Ninth Circuit Holds Wage Claim Against Church Is Barred By The Free Exercise Clause And The Establishment Clause Of First Amendment

Today, in Alcazar, et al. v. The Corporation Of The Catholic Archbishop of Seattle, et al., the Ninth Circuit Court of Appeals held that a Catholic seminarian's claims against his church for allegedly unpaid wages brought under a Washington state minimum wage statute is barred as a matter of law by the Free Exercise Clause and the Establishment Clause of the First Amendment of the United States Constitution.

Cesar Rojas and Jesus Alcazar were Catholic seminarians in Mexico. They were required to participate in ministry training in Washington state. Mr. Rojas and Mr. Alcazar both brought sexual harassment claims against Father Horatio Alvarez and the Corporation Of The Catholic Archbishop of Seattle, and Mr. Rojas brought also claims for alleged unpaid overtime under Washington state's Minimum Wage Act.

On appeal, the Ninth Circuit affirmed the District Court's dismissal of the claims. In particular, the Ninth Circuit held that Rojas' wage and hour claims are barred by the Free Exercise Clause and by the Establishment Clause of the United States Constitution. Significantly:

The court held that the "ministerial exception" mandated by those clauses "applies as a matter of law across statutes, both state and federal, that would interfere with the church-minister relationship." The court determined that applying Washington state's Minimum Wage Act to "ministers" would unconstitutionally "interfere with a protected employment decision."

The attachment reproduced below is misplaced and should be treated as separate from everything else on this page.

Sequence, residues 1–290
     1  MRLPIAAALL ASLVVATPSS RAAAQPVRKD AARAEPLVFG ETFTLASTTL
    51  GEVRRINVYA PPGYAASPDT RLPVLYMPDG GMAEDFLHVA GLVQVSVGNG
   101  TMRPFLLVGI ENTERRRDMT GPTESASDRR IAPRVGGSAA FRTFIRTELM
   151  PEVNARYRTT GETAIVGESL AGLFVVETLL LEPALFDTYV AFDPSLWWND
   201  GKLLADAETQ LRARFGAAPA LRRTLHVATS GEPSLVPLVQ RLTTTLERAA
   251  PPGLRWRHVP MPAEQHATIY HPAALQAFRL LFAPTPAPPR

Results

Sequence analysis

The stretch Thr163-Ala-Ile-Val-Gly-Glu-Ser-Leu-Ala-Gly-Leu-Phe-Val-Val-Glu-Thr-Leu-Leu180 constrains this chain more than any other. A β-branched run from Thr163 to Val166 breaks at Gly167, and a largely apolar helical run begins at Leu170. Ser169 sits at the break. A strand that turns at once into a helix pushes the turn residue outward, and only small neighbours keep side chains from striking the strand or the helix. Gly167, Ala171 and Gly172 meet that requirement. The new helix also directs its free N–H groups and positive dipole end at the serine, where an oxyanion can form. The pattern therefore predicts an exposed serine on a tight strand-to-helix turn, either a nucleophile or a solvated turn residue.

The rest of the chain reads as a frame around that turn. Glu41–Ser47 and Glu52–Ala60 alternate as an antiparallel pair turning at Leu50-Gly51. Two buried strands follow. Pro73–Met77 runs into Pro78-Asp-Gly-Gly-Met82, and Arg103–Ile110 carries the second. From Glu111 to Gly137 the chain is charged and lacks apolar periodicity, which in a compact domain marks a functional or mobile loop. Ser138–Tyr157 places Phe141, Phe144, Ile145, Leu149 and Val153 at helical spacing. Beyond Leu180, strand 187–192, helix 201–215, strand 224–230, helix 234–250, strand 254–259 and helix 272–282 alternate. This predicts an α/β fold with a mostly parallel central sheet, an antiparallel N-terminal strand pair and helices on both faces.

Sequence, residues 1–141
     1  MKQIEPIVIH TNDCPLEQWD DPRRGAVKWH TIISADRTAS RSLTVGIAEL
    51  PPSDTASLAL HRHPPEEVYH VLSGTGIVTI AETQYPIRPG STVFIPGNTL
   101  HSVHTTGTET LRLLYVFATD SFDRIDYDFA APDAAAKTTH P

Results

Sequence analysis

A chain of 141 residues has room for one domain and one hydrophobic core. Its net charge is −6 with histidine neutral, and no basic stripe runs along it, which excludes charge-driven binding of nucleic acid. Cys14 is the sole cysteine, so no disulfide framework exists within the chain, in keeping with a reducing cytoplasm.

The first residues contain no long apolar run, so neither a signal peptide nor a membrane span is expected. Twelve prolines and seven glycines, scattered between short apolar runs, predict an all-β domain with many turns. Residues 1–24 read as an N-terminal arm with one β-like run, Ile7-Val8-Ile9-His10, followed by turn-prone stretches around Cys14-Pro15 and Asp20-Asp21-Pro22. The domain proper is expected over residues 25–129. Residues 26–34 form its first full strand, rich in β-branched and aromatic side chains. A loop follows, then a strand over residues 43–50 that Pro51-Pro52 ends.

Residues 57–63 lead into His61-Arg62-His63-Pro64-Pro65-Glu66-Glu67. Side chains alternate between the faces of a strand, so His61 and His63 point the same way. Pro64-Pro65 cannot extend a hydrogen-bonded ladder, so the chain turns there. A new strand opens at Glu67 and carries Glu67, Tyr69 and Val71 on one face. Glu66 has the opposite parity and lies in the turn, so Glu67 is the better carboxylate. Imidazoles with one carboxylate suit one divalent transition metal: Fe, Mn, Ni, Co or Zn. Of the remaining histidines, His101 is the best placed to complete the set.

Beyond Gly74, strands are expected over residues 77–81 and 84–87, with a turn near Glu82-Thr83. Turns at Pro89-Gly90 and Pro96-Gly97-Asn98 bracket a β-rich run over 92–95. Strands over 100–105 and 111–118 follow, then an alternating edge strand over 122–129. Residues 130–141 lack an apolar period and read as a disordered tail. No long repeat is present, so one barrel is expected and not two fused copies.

The court held the "ministerial exception" "encompasses all 'tangible employment actions' and disallows lawsuits for damages based on 'lost or reduced pay'" because "[s]uch damages would 'necessarily trench on the Church's protected ministerial decisions.'"

The court established a broad test for determining who qualifies as a "minister," stating "if a person (1) is employed by a religious institution, (2) was chosen for the position based 'largely on religious criteria,' and (3) performs some religious duties and responsibilities, the person is a 'minister' for purposes of the ministerial exception." The court noted that lay persons can be "ministers" under this test and that "secular duties are important to a ministry." For example, the court noted that a church's director of music ministry and part-time teach fell under the "ministerial exception."

Because of the constitutional underpinnings and breadth of the court's holding and the breadth of the court's reasoning, this decision may provide to employers that are religious institutions a powerful defense to a variety of employment claims when brought by persons who satisfy the court's test for who qualifies as a "minister."

Click here to download and to read the decision.

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